Image Credit: Zen Pencils

The Pale Blue Dot is, quite possibly, the most famous photo ever taken of the Earth. In 1990, Voyager 1 was hurtling past Saturn and traveling towards the vast expanse of interstellar space. The tiny spacecraft was some 3.7 billion miles from home. Before it left our little part of the cosmos, astronomer Carl Sagan requested that the spacecraft turn around and take a final photo of Earth. He didn’t want this image for research or scientific analysis. He wanted a reminder.

A reminder of our planet’s insignificance, of our own arrogant conceit, of the unique relationship that we share with this world…he wanted a reminder of what’s at stake.

The image that Voyager 1 captured inspired Sagan to write a passage in which he beautifully articulates everything that this photograph represents. Recently, Zen Pencils created a wonderful adaption of Sagan’s “Pale Blue Dot" for their 100th comic. Follow this link to see the full comic, and this link to watch a video where Sagan himself is reading the quote. It is far better to grasp the universe as it really is…


"Look again at that dot. That's here. That's home. That's us. On it everyone you love, everyone you know, everyone you ever heard of, every human being who ever was, lived out their lives. The aggregate of our joy and suffering, thousands of confident religions, ideologies, and economic doctrines, every hunter and forager, every hero and coward, every creator and destroyer of civilization, every king and peasant, every young couple in love, every mother and father, hopeful child, inventor and explorer, every teacher of morals, every corrupt politician, every "superstar," every "supreme leader," every saint and sinner in the history of our species lived there-on a mote of dust suspended in a sunbeam.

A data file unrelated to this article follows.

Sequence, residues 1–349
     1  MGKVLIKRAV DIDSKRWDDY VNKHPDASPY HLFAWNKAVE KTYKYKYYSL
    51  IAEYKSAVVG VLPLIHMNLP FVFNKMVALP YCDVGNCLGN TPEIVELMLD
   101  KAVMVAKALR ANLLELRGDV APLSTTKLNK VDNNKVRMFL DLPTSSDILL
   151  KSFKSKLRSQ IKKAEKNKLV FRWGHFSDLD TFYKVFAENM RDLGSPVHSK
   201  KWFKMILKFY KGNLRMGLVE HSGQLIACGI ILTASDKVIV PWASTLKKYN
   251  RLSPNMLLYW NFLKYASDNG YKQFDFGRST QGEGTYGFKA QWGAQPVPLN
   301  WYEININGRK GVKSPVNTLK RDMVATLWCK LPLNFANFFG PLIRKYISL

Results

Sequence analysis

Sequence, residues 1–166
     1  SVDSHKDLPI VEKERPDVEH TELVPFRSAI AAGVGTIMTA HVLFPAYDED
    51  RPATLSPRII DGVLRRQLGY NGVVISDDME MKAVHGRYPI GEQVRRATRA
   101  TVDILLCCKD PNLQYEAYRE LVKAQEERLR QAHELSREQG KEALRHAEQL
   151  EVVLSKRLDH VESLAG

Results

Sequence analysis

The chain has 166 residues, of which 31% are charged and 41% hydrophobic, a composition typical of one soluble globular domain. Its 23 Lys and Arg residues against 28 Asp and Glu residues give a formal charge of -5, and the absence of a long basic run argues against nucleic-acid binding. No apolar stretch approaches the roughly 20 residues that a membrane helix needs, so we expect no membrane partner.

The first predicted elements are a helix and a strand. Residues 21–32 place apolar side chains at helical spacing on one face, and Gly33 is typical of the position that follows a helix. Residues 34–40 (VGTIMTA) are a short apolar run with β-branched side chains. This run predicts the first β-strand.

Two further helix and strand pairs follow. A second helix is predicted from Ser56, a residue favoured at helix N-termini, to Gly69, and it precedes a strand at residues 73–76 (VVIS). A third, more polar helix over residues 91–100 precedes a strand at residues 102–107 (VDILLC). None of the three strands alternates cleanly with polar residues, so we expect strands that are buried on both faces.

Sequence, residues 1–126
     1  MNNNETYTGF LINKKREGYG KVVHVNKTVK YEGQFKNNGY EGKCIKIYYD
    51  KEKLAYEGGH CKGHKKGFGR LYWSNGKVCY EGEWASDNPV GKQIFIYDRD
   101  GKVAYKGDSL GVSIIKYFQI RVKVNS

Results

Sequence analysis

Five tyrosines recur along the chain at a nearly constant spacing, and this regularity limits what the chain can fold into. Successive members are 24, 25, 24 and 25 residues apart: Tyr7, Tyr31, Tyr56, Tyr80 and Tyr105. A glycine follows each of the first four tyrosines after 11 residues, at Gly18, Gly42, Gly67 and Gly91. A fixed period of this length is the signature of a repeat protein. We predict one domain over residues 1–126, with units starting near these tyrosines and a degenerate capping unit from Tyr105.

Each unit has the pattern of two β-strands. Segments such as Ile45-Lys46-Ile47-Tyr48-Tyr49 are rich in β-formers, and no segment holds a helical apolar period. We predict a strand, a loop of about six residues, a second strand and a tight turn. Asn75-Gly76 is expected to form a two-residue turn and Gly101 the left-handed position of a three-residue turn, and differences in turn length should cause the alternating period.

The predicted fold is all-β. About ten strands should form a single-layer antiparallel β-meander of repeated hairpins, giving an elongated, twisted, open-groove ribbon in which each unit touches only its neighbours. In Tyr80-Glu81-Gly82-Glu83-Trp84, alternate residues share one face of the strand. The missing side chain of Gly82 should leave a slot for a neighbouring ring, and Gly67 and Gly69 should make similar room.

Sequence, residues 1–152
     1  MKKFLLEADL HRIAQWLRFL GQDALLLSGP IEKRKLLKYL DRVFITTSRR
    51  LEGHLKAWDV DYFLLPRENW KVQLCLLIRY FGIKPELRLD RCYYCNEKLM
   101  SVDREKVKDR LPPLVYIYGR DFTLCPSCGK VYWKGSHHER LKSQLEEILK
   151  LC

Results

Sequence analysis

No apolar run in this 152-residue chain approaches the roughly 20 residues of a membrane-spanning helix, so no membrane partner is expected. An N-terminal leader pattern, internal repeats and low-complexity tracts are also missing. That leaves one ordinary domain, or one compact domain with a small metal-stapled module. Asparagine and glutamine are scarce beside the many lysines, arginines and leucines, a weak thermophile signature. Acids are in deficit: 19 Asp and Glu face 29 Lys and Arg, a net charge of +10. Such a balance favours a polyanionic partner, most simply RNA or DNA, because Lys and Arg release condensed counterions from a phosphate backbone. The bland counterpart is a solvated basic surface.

The Earth is a very small stage in a vast cosmic arena. Think of the endless cruelties visited by the inhabitants of one corner of this pixel on the scarcely distinguishable inhabitants of some other corner, how frequent their misunderstandings, how eager they are to kill one another, how fervent their hatreds. Think of the rivers of blood spilled by all those generals and emperors so that, in glory and triumph, they could become the momentary masters of a fraction of a dot.

Our posturings, our imagined self-importance, the delusion that we have some privileged position in the Universe, are challenged by this point of pale light. Our planet is a lonely speck in the great enveloping cosmic dark. In our obscurity, in all this vastness, there is no hint that help will come from elsewhere to save us from ourselves.

The Earth is the only world known so far to harbor life. There is nowhere else, at least in the near future, to which our species could migrate. Visit, yes. Settle, not yet. Like it or not, for the moment the Earth is where we make our stand.

It has been said that astronomy is a humbling and character-building experience. There is perhaps no better demonstration of the folly of human conceits than this distant image of our tiny world. To me, it underscores our responsibility to deal more kindly with one another, and to preserve and cherish the pale blue dot, the only home we've ever known.”

Image Credit: NASA

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